China coronavirus is ‘rubbing salt into the wounds’ of HK’s tourism industry caused by anti-government protests

01-Feb-2020 Intellasia | South China Morning Post | 6:02 AM Print This Post

Hong Kong tourism has been left reeling from the double blow of the city’s anti-government protests and the China coronavirus, with those working in the sector facing uncertain futures, a leading industry figure has said.

Wong Ka-ngai, chair of the Hong Kong Tour Guides general Union, said the Wuhan outbreak, which has killed at the time of writing 213 people across mainland China and infected more than 9356, had severely dented cross-border travel.

He said the virus was “rubbing salt into the wounds” inflicted by the ongoing social unrest, sparked last June by the now-withdrawn extradition bill.

His comments came as one agency, the Taiwan Good Travel Company, which is based in Hong Kong and runs tours both locally and on the mainland, revealed it had not arranged a single trip since mid-July.

Michael Chan Sai-tong, who owns the travel agency, said he used to have a dozen tour guides working full-time on the organised holidays.

But he terminated all their contracts in August because of the “complete shutdown” of his company, which he attributed to the civil unrest.

The company racked up a HK$800,000 (US$103,000) deficit under the weight of rent and licence fees, and Chan had to use his own savings to keep the business alive.

“Everyone became jobless,” he said. “Many of [my former employees] made a living by borrowing money from their family members and friends.

“I’ve sacked everyone, I’m the only one left. When I file my tax return in March, I might get some loans and see whether to move on or end my business.”

The tourism industry is suffering its toughest period since the city was plagued by the severe acute respiratory syndrome (Sars) in 2003.

Latest figures in November showed tourist arrivals took their sharpest plunge amid the anti-government protests, falling 56 per cent that month on the same period the previous year.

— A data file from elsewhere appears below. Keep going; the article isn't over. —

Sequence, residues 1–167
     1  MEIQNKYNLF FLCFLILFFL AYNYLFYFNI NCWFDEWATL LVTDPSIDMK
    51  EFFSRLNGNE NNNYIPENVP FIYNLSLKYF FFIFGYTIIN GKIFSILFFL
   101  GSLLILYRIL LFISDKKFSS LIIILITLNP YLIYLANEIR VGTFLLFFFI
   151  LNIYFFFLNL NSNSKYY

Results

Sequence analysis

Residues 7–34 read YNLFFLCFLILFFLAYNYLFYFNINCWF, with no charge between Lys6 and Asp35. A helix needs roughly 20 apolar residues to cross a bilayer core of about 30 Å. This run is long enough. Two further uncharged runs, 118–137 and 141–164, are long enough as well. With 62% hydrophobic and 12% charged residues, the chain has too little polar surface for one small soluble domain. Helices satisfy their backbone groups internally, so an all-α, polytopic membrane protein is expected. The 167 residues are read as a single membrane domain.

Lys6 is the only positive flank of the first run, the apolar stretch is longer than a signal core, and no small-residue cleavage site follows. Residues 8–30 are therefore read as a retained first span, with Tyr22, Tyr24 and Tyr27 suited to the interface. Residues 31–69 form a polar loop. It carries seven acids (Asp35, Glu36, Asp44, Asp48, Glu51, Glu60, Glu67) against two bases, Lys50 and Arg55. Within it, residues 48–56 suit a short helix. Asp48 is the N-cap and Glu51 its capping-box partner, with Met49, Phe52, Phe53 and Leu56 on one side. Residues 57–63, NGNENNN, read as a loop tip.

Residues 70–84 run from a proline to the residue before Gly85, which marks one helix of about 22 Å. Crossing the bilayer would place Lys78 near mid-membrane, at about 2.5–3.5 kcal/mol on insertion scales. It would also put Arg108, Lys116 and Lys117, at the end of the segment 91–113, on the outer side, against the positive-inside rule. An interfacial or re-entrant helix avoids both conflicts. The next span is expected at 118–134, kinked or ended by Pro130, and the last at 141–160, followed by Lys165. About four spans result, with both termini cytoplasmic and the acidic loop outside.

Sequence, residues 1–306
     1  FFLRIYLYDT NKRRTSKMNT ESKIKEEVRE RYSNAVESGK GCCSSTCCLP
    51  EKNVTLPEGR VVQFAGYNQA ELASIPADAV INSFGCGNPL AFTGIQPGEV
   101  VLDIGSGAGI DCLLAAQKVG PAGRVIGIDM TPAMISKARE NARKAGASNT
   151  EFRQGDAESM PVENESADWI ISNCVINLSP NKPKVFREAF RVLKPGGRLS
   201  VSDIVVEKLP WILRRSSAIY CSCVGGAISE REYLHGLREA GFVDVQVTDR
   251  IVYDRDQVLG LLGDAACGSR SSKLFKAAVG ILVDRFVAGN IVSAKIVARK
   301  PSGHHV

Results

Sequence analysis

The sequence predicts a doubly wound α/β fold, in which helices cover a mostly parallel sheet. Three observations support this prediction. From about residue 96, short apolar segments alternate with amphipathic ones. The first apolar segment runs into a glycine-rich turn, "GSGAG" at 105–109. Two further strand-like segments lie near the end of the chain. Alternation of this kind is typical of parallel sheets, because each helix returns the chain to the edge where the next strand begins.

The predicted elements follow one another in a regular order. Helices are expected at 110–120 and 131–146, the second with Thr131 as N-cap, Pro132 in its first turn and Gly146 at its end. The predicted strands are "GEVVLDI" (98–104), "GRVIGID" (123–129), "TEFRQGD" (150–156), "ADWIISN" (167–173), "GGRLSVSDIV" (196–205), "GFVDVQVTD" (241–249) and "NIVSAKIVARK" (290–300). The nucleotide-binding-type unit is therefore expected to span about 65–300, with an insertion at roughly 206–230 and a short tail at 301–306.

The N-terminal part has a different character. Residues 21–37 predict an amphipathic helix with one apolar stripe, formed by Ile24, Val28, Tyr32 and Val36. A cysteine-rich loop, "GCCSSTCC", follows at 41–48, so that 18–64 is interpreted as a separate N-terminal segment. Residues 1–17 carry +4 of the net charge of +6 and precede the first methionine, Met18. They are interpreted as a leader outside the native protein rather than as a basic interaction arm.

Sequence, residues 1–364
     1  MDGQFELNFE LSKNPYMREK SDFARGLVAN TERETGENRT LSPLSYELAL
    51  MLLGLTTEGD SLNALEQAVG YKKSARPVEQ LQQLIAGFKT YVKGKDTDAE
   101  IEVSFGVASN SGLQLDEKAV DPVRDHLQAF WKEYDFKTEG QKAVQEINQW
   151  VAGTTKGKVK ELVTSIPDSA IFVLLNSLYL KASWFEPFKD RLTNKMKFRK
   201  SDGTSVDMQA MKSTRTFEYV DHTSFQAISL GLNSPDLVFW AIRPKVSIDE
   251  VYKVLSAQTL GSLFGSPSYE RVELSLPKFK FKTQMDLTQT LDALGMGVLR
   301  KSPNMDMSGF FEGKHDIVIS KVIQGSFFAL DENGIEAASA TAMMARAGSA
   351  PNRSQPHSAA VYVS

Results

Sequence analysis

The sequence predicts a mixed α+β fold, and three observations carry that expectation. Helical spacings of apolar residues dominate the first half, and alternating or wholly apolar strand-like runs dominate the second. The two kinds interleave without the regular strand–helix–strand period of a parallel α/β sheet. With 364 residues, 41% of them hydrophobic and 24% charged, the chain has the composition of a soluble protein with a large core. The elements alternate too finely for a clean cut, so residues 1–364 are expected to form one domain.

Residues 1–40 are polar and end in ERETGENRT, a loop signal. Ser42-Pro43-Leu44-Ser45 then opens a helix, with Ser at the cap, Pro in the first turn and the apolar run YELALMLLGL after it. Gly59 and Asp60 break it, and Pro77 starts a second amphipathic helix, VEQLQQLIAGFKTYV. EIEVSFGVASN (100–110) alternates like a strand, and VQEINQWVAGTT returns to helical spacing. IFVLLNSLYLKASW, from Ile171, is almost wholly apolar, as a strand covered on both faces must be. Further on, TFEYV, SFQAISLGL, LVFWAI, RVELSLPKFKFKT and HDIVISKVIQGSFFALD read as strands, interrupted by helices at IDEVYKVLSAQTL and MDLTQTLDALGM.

The number of mainland visitors to Hong Kong collapsed by 58 per cent to 1.92 million in that month. They accounted for 74 per cent of the city’s total arrivals in November.

Wong said while some guides had opted for a change of career, some chose to move to the mainland where the cost of living was lower, or confined themselves to their homes to reduce expenses.

“It’s a way to postpone their death,” he said.

Many tour guides felt disheartened, according to Wong, because their lives did not get any better despite their public pleas for government help.

“They felt it was useless to speak out,” he said. “It did nothing, but make another joke for their friends.”

While Wong agreed with the government’s decision to close multiple border checkpoints in light of the Wuhan coronavirus outbreak, he said: “The virus epidemic is just rubbing salt into the wounds of the tourism industry.”

Rotary Bus Services Company had 10 reservations for its coaches confirmed before the Lunar New Year holiday its first batch of bookings since October but they were all cancelled on Wednesday because of the spread of the disease.

Man Hoi-tik, a consultant at the company, estimated they had suffered losses of HK$30,000 from the cancellations.

He said his company started to feel the impact of the virus outbreak just as mainland tourists were returning to the city.

The company used to have four full-time coach drivers, but now had only one working on a part-time basis, as others switched to driving school coaches, taxis and franchised buses.

Man said before the protests broke out, coach drivers could earn more than HK$25,000 (US$3,200) a month, but between June and when local tours became effectively extinct in October, that had dropped to a basic monthly salary of HK$7,000.

He said his company had not suffered huge losses from the decline because tour coaches only made up a tenth of the firm’s income.

However, Man admitted the closure of borders would have a huge impact on their business.

On the way forward, Wong urged the government to offer loans of at least HK$150,000 to each tour guide who could not get another job.

But Chan said the government’s poor handling of the anti-government protests was the cause of the tourism slump.

“The social unrest needs to be quelled… The whole industry was victimised by the government,” he said.

“The government has performed badly in both the protests and the virus outbreak. It has refused to heed protesters’ demands. Why didn’t the government try to communicate with the youngsters?”


Category: Hong Kong

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